The Gospel of John, the fourth book in the New Testament, is the first feature
      film from Visual Bible International, a faith-based company that hopes to make
      word-for-word films of all 66 books in the Bible.

      [Ruben Ecleo] Big sum of cash found in Ecleo’s detention cell
      Cult leader and parricide suspect Ruben Ecleo Jr. admitted yesterday giving
      money to some jail- guards at the Bagong Buhay Rehabilitation Center (BBRC) here
      to smuggle huge amount of cash, cellular phones and other belongings inside the
      city jail.

      [Islam] Saudis target 'immoral' Barbie
      Saudi Arabia's religious police have declared Barbie dolls a threat to morality,
      complaining that the revealing clothes of the "Jewish" toy - already banned in
      the kingdom - were offensive to Islam.

      [Mexico] Churches help fund missionary's defense
      Churches in Oklahoma and Texas are trying to raise money for the legal defense
      of a missionary jailed in Mexico for possession of drugs commonly sold over the
      counter in the United States. [...] In his letter, Mr. Frey said Mexican
      authorities seemed most concerned about the medicines that contained the drug
      pseudoephedrine, a common ingredient in allergy medications.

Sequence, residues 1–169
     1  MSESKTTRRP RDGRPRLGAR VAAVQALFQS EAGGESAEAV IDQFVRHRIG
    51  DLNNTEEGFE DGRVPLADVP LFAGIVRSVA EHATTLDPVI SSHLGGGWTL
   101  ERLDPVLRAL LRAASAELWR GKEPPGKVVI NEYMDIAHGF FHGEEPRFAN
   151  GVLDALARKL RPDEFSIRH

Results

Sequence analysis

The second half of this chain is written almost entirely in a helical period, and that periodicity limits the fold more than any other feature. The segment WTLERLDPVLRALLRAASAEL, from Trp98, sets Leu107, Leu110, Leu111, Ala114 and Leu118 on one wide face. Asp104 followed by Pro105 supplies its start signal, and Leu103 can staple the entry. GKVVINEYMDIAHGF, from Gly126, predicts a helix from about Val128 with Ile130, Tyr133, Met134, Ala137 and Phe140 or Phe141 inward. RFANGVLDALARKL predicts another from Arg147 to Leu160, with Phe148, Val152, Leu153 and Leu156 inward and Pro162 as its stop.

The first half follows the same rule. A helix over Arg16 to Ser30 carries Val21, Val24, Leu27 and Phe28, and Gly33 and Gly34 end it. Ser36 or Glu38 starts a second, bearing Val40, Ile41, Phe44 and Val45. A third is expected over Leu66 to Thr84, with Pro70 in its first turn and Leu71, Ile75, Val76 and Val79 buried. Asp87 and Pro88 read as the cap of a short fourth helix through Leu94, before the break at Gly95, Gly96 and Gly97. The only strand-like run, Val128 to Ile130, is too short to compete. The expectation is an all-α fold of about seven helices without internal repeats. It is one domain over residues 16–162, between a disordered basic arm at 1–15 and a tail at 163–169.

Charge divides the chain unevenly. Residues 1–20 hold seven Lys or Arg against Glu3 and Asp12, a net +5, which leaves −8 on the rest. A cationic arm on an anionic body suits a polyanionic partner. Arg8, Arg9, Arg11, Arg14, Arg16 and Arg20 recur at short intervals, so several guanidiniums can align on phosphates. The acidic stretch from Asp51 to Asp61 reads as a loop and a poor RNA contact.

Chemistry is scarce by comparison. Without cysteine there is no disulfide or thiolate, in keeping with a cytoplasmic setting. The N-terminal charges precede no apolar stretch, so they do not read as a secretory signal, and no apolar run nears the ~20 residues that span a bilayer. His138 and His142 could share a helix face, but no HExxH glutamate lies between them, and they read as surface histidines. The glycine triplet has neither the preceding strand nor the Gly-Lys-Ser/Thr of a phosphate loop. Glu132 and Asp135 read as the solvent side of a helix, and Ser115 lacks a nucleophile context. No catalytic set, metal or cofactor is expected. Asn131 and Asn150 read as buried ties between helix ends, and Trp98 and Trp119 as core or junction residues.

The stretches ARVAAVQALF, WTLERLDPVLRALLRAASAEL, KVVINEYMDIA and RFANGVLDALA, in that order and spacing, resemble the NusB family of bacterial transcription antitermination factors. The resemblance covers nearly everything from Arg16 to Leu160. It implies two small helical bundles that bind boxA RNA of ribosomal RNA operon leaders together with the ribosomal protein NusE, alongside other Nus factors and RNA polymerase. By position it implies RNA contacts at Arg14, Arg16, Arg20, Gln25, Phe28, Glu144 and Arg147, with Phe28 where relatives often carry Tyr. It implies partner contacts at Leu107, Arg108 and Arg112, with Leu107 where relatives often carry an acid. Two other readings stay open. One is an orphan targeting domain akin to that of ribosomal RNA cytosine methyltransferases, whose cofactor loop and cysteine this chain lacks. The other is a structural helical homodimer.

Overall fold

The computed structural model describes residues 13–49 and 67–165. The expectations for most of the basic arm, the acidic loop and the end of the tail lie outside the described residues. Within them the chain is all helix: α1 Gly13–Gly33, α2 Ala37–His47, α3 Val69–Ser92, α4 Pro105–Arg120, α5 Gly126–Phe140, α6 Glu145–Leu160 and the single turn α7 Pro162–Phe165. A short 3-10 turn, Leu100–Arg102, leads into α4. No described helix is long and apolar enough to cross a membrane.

[Catholic Church] Group cites dissent in church
      A group of 40 conservative Roman Catholics met behind closed doors yesterday
      with five US bishops here to press their view of the sexual abuse crisis in the
      church, which they said has wrongly been linked to celibacy.

      [NXIVM] Ruling lets Web site critical of NXIVM stay online
      A Web site that accuses a Colonie-based human potential school of being a cult
      can remain online, a U.S. judge ruled Monday. U.S. District Judge Thomas J.
      McAvoy denied multiple requests from NXIVM (pronounced NEX-ee-um) to have
      critical opinions of the group removed from the Web site of The Ross Institute,
      which tracks information about alleged cults, controversial groups and
      movements. He cited NXIVM's failure to demonstrate a strong case and said
      irreparable damage to the company was not proven. "Today is a very good day for
      the First Amendment and freedom of expression on the Internet," said Rick Ross,
      the Web site's owner.